Attorney General Tong Responds to PURA Draft Decision Rejecting Rate Stability for United Illuminating Customers
PURA Plan Adds $2.4 Million New Cost to Ratepayers, Rejects UI Voluntary Contribution, and Enables UI To Immediately Seek Rate Increase(Hartford, CT) – Attorney General William Tong responded today to a draft decision by the Public Utilities Regulatory Authority rejecting an agreement with United Illuminating that would have provided a $46.5 million COVID relief bill credit to decrease and stabilize electric rates into 2023. PURA’s alternative draft adds $2.4 million in new costs to ratepayers, while also rejecting a $5 million voluntary contribution from UI. PURA’s move also enables UI to immediately apply for an increase in rates.
Attorney General Tong and Governor Lamont announced an agreement between the State of Connecticut and UI last month that would have fully offset what would have been a five to eight percent increase in bills on May 1, 2021 due to federally-mandated transmission charges and the costs of the Millstone power purchase agreement. The settlement included a $5 million voluntary contribution from UI’s own coffers, and also accelerated the return of $41.55 million of accumulated savings from federal tax cuts ahead of what would have otherwise been required. In addition, UI agreed to not change base distribution rates until at least May 2023—an agreement that could have saved ratepayers a projected $20 million above and beyond the $46.5 million COVID credit. UI would now be eligible to immediately apply for a distribution rate increase.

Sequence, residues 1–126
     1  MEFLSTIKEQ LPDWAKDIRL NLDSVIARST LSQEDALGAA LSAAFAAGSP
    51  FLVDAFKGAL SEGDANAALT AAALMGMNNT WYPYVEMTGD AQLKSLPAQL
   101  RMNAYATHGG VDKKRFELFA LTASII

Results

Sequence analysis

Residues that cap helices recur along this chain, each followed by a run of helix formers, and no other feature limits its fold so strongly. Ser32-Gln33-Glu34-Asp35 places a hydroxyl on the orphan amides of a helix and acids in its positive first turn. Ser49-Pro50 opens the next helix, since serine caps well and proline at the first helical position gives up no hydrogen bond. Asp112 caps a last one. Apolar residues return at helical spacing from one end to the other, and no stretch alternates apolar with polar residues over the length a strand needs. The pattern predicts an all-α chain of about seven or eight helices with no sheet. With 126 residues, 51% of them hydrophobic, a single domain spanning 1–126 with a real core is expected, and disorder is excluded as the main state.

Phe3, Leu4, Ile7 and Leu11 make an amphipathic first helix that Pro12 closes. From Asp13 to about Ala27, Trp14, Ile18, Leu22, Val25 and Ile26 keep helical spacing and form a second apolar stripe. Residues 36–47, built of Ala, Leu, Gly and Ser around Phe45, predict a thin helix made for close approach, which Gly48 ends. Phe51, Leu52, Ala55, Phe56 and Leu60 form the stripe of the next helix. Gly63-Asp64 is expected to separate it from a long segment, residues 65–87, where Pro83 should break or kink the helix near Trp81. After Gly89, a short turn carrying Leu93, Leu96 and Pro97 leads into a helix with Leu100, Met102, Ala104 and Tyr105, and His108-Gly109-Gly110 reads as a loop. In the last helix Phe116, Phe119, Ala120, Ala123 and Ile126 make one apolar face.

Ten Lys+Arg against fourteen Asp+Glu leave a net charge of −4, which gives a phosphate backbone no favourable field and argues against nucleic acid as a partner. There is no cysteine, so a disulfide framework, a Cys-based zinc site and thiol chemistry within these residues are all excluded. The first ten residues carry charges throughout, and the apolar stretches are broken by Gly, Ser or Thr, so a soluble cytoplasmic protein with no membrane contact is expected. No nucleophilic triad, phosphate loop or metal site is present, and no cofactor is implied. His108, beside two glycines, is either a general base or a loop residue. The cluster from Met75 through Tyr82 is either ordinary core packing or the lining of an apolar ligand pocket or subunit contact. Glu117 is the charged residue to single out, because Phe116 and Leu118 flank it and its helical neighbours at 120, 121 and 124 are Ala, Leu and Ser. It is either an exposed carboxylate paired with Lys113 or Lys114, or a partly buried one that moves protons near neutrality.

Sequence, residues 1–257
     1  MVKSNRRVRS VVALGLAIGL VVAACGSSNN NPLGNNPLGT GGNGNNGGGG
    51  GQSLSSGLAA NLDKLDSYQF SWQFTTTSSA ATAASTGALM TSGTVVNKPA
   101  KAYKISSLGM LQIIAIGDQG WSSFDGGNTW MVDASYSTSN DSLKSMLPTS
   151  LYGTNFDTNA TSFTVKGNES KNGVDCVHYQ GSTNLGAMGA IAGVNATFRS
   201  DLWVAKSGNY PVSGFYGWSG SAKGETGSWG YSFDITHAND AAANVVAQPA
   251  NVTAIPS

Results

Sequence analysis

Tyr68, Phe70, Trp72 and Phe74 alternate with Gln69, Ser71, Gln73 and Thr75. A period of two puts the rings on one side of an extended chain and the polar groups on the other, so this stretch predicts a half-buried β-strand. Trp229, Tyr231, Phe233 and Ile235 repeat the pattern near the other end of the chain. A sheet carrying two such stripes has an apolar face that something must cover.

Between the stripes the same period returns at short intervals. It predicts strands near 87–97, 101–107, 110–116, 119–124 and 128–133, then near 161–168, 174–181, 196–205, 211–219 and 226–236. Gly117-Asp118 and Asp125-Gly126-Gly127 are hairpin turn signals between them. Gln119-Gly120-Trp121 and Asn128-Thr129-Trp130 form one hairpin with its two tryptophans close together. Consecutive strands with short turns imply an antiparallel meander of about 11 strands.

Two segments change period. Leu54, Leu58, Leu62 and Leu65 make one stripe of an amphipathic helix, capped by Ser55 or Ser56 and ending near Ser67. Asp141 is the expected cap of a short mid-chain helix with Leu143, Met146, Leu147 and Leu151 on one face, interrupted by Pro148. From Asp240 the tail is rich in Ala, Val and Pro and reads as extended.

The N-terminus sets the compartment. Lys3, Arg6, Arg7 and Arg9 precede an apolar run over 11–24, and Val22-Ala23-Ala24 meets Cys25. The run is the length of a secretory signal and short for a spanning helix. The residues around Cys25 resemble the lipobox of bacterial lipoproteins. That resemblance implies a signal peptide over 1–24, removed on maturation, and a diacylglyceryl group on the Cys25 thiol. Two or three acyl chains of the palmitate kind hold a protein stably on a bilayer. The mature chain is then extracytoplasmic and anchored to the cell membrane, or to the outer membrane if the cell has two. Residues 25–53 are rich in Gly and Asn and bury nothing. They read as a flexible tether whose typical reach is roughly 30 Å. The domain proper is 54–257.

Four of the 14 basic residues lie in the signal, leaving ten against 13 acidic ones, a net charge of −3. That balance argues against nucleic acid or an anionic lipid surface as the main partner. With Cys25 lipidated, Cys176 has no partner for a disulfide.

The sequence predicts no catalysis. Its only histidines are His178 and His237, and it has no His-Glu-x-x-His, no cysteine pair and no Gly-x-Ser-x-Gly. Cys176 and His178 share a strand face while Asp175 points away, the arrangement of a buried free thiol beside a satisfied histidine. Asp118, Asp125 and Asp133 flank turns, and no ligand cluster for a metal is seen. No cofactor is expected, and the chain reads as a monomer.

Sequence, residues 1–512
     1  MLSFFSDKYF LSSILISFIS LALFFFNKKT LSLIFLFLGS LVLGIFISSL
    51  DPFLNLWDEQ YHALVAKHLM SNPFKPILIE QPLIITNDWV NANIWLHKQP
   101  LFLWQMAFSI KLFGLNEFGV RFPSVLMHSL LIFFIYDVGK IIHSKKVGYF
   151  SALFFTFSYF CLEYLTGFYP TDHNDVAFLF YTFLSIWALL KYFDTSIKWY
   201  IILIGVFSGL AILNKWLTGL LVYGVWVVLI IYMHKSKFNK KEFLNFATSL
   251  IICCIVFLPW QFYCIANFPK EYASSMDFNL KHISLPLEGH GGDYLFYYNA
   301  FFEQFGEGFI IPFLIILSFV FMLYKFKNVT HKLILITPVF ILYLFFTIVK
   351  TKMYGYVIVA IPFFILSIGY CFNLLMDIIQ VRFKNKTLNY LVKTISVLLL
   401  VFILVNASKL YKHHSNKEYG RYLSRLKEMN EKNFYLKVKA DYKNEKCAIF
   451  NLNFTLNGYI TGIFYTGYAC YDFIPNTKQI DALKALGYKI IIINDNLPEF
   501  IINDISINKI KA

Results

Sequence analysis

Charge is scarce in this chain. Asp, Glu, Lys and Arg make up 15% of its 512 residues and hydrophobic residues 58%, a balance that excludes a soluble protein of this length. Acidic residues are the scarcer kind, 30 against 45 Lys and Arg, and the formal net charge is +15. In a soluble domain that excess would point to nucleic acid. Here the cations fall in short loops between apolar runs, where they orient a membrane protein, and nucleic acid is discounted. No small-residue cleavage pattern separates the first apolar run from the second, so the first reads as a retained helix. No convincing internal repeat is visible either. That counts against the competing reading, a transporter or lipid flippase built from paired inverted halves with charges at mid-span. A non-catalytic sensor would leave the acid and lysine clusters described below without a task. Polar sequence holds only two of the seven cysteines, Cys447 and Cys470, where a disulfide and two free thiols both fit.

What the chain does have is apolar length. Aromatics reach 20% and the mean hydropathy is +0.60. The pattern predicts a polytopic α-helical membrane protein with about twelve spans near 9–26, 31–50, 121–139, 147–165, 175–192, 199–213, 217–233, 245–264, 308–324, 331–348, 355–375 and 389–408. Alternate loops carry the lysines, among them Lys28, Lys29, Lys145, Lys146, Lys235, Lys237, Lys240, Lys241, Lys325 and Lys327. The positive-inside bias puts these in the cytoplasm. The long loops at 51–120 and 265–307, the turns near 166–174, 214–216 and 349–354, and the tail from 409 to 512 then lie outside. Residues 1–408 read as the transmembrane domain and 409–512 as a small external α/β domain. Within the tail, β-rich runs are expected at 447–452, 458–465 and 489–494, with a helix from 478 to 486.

In a draft decision issued Wednesday evening, PURA turned down the $5 million in voluntarily contributed funds from UI, as well as UI’s commitment not to change base distribution rates until at least May 2023 to provide stability for consumers. PURA’s draft maintains the expedited return of the tax savings proposed in the settlement. In rejecting the $5 million in UI shareholder funds, PURA opts instead to spread the cost over a five year and eight month period, adding a 3.25 percent prime interest rate which will vary per year. Their plan will provide marginal immediate relief to ratepayers while ultimately adding significantly to costs in future years.
“PURA got this wrong and I strongly urge them to reconsider. I do not understand why they rejected a settlement that does so much to help Connecticut families squeezed by the cost of electricity. Their plan will provide a marginal immediate savings to ratepayers, but at the expense of millions of dollars in new charges to Connecticut families who simply cannot afford to pay more down the road. This just doesn’t make good sense to me, especially when United Illuminating was willing to contribute their own money to avoid this problem. Connecticut consumers pay far too much just to keep their lights on, and we all needed the rate stability that this deal would have provided. This is just a draft decision, and I am hopeful that with further analysis and deeper understanding, PURA will change course,” said Attorney General Tong.